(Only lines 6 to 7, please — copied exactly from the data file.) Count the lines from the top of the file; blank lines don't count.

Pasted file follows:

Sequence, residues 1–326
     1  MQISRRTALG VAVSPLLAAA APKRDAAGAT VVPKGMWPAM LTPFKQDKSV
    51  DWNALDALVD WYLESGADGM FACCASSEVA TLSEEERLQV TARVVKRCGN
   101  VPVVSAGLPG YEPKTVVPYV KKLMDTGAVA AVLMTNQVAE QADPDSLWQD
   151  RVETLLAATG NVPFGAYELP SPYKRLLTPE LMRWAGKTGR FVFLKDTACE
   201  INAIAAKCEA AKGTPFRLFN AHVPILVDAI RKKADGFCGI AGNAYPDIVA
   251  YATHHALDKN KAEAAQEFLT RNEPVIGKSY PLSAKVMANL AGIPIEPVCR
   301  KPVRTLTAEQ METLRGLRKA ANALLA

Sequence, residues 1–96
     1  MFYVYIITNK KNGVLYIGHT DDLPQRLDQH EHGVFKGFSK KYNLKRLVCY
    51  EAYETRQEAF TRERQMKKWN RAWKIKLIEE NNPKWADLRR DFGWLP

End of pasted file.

   201  INAIAAKCEA AKGTPFRLFN AHVPILVDAI RKKADGFCGI AGNAYPDIVA
   251  YATHHALDKN KAEAAQEFLT RNEPVIGKSY PLSAKVMANL AGIPIEPVCR